It would need to have its focus quite removed from the actual mesh where one would need to render. I guess this could be achieved, by displacing the camera dynamically from the mesh. Yet it would then also need to be sensitive to parts of the scene, which are behind it. I.e. the clipping plane would need to be at the negative distance to the lens.
Is such a behaviour supported by current cam models? Can they also render things at negative distance? If not, one could maybe think of two cams and a distant clipping plane, but this sounds like quite some effort. And this would not work, since the z-buffer would be messed up,
If a cam with such (negative clipping plane) abilities exists, one would then need update it in its position depending on the viewing angle of the main camera to the lens-mesh. For stereo imaging, this would strictly speaking require two such cams, but one can possibly ignore this.
Going back to the multi-lens problem, one would then also need a separate cam for each combinatorial trace from the main cam via all lenses to the final lens to consider. But then having just one cam per lens-mesh should already give a pretty good approximation.
@RaananW, do you know if the view matrix of a camera can be changed? Would this allow to have the focus of the camera also behind the screen rather than in front of the screen? Can the screen distance be set to a negative value?
The view matrix can be changed of course. Depending on what you need, really.
I am not sure about your question though. What do you expect to get, setting the screen distance to a negative value? What’s the use case here?
See the slightly long explanation above. It is about emulating a camera where the viewing rays from the camera “screen” (or viewport) first converge, pass through a focus and then diverge.
Such a camera would be the ideal tool to compute the texture of a lens (or glass-ball).
How is it possible to change the view matrix by hand?
You have the
camera.onViewMatrixChangedObservable observable which is triggered when the view matrix has been recomputed.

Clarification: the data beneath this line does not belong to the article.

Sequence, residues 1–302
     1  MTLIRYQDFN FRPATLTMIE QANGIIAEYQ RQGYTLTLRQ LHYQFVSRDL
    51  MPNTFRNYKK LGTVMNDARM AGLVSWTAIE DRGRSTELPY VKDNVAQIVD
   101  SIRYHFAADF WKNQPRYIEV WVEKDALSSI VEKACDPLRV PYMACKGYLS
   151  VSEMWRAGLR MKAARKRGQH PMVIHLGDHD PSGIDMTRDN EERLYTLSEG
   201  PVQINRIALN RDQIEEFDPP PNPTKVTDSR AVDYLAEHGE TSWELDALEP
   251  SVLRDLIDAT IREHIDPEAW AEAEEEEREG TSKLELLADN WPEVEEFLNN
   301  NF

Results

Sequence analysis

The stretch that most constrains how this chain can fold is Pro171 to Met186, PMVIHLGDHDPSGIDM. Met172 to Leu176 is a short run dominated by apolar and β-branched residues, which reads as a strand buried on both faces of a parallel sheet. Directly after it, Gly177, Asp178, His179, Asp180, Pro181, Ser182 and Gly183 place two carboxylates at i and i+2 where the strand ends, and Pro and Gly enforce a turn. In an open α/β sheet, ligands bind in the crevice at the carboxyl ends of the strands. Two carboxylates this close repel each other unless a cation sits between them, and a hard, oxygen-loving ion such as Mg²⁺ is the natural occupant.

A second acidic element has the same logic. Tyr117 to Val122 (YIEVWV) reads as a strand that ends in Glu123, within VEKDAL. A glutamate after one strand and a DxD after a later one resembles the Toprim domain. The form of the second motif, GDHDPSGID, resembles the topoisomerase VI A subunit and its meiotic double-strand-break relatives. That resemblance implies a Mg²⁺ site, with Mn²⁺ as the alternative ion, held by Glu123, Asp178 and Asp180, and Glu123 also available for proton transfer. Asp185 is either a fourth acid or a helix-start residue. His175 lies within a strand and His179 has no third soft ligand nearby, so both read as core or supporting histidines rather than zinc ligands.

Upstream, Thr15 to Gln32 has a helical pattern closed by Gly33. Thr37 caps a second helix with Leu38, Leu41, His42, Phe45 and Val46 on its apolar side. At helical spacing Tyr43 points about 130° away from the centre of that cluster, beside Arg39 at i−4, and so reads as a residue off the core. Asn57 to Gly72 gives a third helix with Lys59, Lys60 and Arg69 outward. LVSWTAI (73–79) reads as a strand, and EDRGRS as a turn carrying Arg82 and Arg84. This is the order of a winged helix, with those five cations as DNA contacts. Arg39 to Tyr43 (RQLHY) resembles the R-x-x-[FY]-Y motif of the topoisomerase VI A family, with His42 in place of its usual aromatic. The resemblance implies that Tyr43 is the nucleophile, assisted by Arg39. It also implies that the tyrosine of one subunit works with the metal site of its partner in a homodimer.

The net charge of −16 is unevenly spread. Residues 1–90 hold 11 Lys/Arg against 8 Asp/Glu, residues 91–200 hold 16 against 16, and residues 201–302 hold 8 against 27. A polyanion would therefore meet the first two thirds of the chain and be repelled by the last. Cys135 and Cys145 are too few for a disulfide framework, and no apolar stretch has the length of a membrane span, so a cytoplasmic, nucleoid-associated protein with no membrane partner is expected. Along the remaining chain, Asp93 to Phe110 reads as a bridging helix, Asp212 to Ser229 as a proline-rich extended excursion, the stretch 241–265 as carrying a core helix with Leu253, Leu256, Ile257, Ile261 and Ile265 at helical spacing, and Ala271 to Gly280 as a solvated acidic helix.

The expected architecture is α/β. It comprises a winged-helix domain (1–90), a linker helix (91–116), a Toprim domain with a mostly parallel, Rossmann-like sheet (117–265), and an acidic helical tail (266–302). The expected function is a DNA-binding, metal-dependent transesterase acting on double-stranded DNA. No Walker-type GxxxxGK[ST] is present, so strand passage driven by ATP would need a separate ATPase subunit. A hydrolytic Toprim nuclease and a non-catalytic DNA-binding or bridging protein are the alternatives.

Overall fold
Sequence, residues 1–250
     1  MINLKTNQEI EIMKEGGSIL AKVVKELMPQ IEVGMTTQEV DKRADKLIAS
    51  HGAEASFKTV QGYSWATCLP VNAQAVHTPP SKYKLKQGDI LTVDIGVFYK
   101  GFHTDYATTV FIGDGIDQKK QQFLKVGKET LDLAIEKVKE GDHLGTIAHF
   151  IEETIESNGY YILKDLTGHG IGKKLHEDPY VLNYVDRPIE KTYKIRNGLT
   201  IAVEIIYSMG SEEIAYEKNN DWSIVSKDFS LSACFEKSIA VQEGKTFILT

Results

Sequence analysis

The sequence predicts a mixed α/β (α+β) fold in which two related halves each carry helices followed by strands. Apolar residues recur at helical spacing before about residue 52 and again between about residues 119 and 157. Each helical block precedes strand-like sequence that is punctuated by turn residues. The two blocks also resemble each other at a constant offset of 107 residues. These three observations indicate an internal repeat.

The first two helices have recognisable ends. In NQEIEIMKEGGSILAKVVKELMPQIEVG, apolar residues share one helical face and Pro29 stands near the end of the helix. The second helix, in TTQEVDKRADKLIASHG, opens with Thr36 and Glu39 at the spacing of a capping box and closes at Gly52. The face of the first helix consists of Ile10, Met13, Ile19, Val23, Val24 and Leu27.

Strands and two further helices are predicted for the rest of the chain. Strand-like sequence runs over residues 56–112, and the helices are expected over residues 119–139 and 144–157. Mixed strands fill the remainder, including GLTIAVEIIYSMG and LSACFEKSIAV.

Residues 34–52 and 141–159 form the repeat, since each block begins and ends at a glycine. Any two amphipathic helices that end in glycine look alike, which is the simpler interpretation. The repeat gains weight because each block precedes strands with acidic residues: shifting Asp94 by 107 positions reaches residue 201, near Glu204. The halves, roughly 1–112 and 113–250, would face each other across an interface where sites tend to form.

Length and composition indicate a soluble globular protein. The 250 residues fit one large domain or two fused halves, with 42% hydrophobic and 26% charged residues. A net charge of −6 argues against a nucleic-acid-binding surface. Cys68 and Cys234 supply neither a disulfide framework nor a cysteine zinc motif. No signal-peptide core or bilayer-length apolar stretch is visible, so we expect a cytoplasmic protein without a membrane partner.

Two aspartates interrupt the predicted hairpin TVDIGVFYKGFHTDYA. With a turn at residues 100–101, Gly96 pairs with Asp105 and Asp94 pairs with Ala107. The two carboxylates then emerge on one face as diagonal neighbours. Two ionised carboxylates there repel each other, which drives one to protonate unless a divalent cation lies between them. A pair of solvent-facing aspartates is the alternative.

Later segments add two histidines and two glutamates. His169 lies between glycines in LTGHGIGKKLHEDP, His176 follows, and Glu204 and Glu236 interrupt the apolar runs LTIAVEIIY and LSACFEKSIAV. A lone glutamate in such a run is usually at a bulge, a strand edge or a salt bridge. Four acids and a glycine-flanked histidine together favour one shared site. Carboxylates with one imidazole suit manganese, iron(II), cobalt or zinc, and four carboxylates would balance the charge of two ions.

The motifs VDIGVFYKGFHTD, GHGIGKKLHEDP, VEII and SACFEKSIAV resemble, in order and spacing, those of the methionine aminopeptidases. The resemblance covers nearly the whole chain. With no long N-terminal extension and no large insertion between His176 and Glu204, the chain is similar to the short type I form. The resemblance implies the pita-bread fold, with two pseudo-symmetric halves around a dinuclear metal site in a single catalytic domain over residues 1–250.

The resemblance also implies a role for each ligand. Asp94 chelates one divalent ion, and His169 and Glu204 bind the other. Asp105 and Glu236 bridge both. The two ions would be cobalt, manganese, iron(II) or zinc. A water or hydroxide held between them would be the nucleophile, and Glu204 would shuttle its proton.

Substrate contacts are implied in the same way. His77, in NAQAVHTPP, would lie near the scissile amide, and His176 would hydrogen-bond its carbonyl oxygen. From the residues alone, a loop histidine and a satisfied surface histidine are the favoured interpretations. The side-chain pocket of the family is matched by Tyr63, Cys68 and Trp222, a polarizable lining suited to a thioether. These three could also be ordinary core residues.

Thanks, I am aware of this callback, but this is not what I was looking for. I need to either change the view-matrix manually or I need access to some other parameters like the camera-to-viewport distance or something like this. But then would be surprised, if a negative distance is not somewhere avoided in the code.
In an observer that you added to this observable, you can do
camera.getViewMatrix() to get the view matrix. Then, you can do manual changes to this matrix.
Oh. Cool. I somehow thought that the matrix is returned by value and I was searching for
setViewMatrix() or the implicit ways of accessing it. I will try this out in a playground.
It turns out, I was really looking for the
camera.getProjectionMatrix() rather than the view matrix.
I played for a couple of hours with this:
The aim was to obtain a rendering by the camera, where the near (front) balls would be inverted (i.e. the red one on top) with respect to the far ones. This would emulate what a lens would do. However, it seems to me that there are some internal mechanisms, which still prevent the rendering.
I tried to move the camera between the two objects and set the near plane to negative values directly in the equations of the projection matrix hoping for the aforementioned result. However, it only shows stuff before me. Maybe the z-buffer has some extra zero clipping? Any ideas how to get this working?
Here is a video I found explaining the projection matrix.
To understand what I am talking about, here is a picture of what you see through a lens with a near and a far object. Notice how the far scenery is inverted but the near word “Babylon” is not.
As far as I know, it’s not possible to simulate lens distortion with a single projection matrix, as projection is not linear in this case.
Note that you should use
onProjectionMatrixChangedObservable because you’re updating the projection matrix.
Thanks for the hint, but I think that this observable does not exit. I am going though the details of calculating projection matrices.
I dont really understand are some of the entries: e.g.
_m would be expected to depend on the near clipping plane and
_m is expected to be -1. Also m has a different sign than expected.
To achieve what I need, it seems .to me that one would need to replace the division by
w=z with “w=(z-z0)” where z0 is the focal point of the lens (if viewed at infinite distance) or more precisely the image of the pupil of the observer looking at the lens.
The Z-projection should be modified by
if I did not make a calculation error. But this does not work
BABYLON does not use the coordinate system as given in the above video, but seems to be (naturally) OpenGL-based. Yet
shows that _m should be -1, but for some reason it seems to be one.
Is BABYLON using a different convention than OpenGL?
This is where it gets constructed, which shows that n does not appear in the x and y entries in the matrix: